First year teachers Wallace and Plunkett exceed expectations


Staff Photo by Tristan Lempka

Plunkett teaches her third period a creative writing assignment. Plunkett is a special education teacher who strives for student success.

Tristan Lempka, Staff Writer

Being a first-year teacher can lead to many different experiences, some are exciting while others can be more difficult but Carolyn Plunkett and Selena Wallace stood out to staff at Wakefield High School. They were honored by receiving the first teacher award in 2022. The teachers of Wakefield are well prepared by the mentor committee, an organization within the school community whose job it is to help guide the younger teachers get their teaching careers started. 

The mentor committee serves a variety of roles for the faculty. Laura Stiles is the leader of the committee and has been a science teacher at Wakefield for over twenty years.

“My primary role is a mentor coordinator,” Stiles said. “I am the in-building person who helps with the mentor teachers and [first year] teachers to ensure that they are getting the support they need for instruction, discipline, classroom management, etcetera.” 

Stiles has recently found that a lot of new teachers come into the profession in an unconventional way. But, these new teachers tend to have more life experiences.

“Lately, we have had teachers coming to us through an alternate route,” Stiles said. “They went to college, got a degree, but they didn’t go to college for teaching. So, they don’t have a student teaching background.”

I wanted to make a difference, a big impact in others lives and this was by far the best fit.”

— Plunkett

Plunkett, a ninth through twelfth special education teacher, was one of the winners of WHS’s first-year teacher award. Originally, she wasn’t a teacher.

“I stayed at home with my two children before teaching,” Plunkett said.  “I attempted to work at State Employees’ Credit Union with the promises of upward movement and pay, but I was very unhappy not being around children.”

Plunkett was then pulled in a different direction after stepping her foot into the education system. Although, the process to get there wasn’t easy.

“I’ve had experience with lower grades, upper grades and initially desired to teach social studies,” Plunkett said.  “Even after going through the proper schooling to teach social studies, it was very difficult to get an interview, much less a job.  I taught in a Charter School with younger students, but I felt like I could be my more authentic self with high school-aged students and reach them in a more holistic capacity.”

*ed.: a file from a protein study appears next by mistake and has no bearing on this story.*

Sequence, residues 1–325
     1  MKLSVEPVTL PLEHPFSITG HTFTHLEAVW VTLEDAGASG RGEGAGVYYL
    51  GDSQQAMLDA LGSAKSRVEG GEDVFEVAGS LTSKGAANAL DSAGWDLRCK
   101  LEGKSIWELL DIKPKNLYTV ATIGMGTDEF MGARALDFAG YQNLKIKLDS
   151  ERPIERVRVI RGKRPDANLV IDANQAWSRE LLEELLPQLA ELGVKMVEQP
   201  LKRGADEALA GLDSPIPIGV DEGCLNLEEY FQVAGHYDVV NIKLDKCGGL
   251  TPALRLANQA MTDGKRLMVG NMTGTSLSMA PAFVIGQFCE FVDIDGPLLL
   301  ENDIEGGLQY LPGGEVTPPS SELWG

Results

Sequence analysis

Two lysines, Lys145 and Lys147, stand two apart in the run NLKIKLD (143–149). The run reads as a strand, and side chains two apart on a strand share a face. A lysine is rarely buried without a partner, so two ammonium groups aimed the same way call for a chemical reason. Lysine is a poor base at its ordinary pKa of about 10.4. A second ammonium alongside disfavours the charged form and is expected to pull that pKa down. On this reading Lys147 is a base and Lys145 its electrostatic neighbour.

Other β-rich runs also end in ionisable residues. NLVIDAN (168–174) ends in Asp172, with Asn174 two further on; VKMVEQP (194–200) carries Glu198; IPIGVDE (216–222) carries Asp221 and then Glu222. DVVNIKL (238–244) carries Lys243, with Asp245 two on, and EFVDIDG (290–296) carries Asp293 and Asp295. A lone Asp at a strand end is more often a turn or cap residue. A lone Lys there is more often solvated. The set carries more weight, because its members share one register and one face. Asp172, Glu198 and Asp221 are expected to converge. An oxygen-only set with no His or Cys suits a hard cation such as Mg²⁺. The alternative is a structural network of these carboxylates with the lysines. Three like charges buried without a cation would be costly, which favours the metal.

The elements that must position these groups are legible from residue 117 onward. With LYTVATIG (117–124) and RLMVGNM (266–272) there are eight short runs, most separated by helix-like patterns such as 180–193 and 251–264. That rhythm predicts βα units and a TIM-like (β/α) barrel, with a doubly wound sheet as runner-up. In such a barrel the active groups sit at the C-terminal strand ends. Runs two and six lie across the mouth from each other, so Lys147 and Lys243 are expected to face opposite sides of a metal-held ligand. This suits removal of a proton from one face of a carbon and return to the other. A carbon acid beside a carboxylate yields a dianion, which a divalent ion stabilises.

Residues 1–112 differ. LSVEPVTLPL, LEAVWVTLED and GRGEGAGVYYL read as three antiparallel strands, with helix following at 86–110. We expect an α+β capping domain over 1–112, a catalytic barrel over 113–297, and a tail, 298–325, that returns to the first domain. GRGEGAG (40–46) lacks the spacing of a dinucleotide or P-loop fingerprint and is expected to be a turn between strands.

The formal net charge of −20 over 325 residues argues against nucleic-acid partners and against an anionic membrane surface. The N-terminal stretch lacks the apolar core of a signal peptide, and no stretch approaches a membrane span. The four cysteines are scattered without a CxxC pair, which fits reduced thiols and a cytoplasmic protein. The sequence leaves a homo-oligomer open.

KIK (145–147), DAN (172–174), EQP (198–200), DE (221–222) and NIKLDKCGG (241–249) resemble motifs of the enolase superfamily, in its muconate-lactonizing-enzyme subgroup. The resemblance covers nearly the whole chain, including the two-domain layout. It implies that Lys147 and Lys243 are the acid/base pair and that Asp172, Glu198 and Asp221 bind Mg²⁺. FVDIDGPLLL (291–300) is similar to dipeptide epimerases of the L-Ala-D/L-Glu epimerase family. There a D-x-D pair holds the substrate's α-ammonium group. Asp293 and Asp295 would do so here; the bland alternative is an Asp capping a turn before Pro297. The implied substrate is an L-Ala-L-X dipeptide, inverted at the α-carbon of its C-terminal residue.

The second new teacher to win this award  was Selena Wallace, a food and nutrition teacher who also did not start on a conventional route to education.

“I originally went to college to be in healthcare, I wanted to be a registered dietitian,” Wallace said. “I fell in love with the community aspect of nutrition, more so than the clinical side of it.”

Through schooling, Wallace learned about preventable diseases of the body through poor nutrition and realized she could potentially prevent these diseases.

Ms. Wallace is the food and nutrition teacher. Wallace assists a student with their work. (Staff Photo by Tristan Lempka)

“We traced it back to where it all began, which is childhood. Part of my passion was preventative care all along,” Wallace said. “So, I thought about how I could combine preventative care and community, and that was to target those that are getting ready to travel into adulthood.”

Both Plunkett and Wallace said that they felt a pull towards teaching and plan on staying at Wakefield for at least a few years. All teachers have a specific reason as to why they began teaching, but Plunkett’s is universal. 

“The desire to advocate for students and their families that may not have had equitable access to education [is the reason I began teaching],” Plunkett said. “I wanted to make a difference, a big impact in others lives and this was by far the best fit.”